Muhammed Adamu on Thursday

December 27, 2018

Much ado about secularism (1)

Much ado about secularism (1)

Pope Benedict XVI (backing camera) delivering a speech to cardinals in the Vatican’s ornate Clementine Hall at the Vatican. Pope Benedict XVI vowed “unconditional obedience” to his successor on his historic final day as leader of the world’s 1.2 billion Catholics, when he will become the first pontiff to resign since the Middle Ages. AFP Photo

By Muhammed Adamu

WHAT better time to talk about state and religion than now. What better time to expose our pretensions to being secular, or our denial of being a multi-religious nation, than now. Annually, by this time, we shut down the entire Federal and State bureaucracies in deference to series of religious activities by our Christian brothers.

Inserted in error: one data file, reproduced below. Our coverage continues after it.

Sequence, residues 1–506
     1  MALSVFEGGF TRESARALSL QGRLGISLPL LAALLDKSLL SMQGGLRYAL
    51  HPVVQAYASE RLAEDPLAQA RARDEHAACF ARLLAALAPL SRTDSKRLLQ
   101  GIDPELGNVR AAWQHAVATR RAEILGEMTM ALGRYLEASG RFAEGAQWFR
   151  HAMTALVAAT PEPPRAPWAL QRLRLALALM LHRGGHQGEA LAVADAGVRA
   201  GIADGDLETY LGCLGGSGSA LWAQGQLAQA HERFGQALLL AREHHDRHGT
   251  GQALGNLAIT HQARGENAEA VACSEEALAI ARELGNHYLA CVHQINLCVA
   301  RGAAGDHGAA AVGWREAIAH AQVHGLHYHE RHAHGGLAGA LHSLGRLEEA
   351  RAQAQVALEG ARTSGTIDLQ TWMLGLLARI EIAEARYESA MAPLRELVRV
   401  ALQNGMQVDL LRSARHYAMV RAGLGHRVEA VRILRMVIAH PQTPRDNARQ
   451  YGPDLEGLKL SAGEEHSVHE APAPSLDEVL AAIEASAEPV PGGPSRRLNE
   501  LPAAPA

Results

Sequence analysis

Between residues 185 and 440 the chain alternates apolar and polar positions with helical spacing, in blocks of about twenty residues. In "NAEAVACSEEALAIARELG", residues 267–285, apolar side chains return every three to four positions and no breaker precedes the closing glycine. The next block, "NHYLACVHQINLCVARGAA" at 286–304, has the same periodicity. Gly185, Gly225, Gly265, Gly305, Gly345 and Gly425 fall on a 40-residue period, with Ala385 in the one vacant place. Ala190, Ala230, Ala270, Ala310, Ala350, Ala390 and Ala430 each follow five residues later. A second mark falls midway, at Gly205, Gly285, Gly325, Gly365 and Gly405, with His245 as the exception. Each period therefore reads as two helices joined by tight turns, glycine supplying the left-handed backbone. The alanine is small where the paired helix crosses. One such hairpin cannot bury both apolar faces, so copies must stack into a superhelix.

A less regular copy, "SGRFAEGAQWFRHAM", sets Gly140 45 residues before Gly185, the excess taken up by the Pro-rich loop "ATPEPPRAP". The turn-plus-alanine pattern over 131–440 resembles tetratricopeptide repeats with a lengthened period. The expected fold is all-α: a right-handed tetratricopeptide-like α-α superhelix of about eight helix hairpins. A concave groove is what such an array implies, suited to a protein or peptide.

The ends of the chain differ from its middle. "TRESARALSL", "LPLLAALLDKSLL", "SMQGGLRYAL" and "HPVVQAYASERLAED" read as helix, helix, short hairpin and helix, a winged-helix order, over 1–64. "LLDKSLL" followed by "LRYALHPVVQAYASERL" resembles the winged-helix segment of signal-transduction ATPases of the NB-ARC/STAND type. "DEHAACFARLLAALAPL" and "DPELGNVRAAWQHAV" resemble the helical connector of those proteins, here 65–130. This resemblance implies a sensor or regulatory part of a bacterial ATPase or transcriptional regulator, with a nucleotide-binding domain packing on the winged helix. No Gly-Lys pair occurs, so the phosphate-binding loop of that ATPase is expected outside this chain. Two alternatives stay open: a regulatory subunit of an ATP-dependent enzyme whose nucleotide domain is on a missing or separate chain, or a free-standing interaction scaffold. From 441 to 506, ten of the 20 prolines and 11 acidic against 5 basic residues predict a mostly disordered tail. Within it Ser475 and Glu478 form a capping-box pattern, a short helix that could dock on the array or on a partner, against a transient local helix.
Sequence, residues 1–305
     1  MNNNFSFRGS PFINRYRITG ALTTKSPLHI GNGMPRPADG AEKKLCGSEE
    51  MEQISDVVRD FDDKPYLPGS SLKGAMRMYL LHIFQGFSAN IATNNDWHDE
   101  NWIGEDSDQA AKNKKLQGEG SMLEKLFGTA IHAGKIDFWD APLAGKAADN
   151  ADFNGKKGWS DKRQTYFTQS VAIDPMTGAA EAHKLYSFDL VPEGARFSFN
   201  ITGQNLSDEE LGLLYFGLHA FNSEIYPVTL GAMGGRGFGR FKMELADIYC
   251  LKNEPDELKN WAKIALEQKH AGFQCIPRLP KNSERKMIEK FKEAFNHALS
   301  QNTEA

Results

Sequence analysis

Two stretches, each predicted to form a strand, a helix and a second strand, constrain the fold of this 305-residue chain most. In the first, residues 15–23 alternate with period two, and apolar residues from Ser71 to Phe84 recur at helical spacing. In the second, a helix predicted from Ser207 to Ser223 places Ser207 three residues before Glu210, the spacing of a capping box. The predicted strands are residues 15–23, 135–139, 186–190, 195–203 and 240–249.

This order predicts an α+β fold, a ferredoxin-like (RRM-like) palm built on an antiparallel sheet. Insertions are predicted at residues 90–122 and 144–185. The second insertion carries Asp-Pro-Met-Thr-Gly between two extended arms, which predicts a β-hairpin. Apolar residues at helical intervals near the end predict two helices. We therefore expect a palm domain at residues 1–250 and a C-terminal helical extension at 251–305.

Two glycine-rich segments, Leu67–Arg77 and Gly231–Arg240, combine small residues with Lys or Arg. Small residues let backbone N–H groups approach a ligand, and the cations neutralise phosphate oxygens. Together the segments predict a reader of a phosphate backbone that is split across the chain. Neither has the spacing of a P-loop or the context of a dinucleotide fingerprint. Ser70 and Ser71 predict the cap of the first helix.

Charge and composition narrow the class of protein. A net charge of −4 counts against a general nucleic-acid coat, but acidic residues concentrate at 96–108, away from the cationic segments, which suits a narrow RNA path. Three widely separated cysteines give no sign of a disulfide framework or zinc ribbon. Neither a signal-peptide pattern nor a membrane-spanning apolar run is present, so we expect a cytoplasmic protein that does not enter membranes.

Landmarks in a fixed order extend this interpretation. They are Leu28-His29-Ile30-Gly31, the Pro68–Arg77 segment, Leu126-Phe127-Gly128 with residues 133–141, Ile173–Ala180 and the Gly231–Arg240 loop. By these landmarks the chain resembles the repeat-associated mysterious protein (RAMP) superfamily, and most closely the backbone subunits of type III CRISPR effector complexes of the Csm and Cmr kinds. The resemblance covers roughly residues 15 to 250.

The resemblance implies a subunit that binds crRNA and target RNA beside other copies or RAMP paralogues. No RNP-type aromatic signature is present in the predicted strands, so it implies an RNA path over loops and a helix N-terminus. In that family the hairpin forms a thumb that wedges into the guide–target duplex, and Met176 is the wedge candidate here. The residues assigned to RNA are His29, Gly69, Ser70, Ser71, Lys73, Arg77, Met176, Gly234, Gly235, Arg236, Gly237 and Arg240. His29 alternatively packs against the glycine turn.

As we do also at other times for Islamic festivities such as Eid-l Fitr, Eid-l Kabir and Maulud. Christian and Muslim holidays are some of the clear examples that although the Constitution purports to be secular, the people it provides for are deeply sectarian. And it prompts the question  again: are we truly a secular state or a multi-religious society?

Or how can we be secular when the Preamble to the Nigerian Constitution says that we are a ‘Sovereign Nation under God’? Or how can a Constitution be secular which recognises the application of the Islamic  personal law?

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Section 10 of the Constitution merely prohibits the adoption of “ANY religion as state Religion”. But does it therefore allow the adoption of the two major religions as state religions?

These are some of the questions I intend for us to muse over during this wonderful period of Christmas. I will give mostly a universal outlook on the subject this week, and conclude next week mostly with our situation at home. Merry Christmas to my readers; Felis Nevidad; Happy Kwanzaa!

State and Religion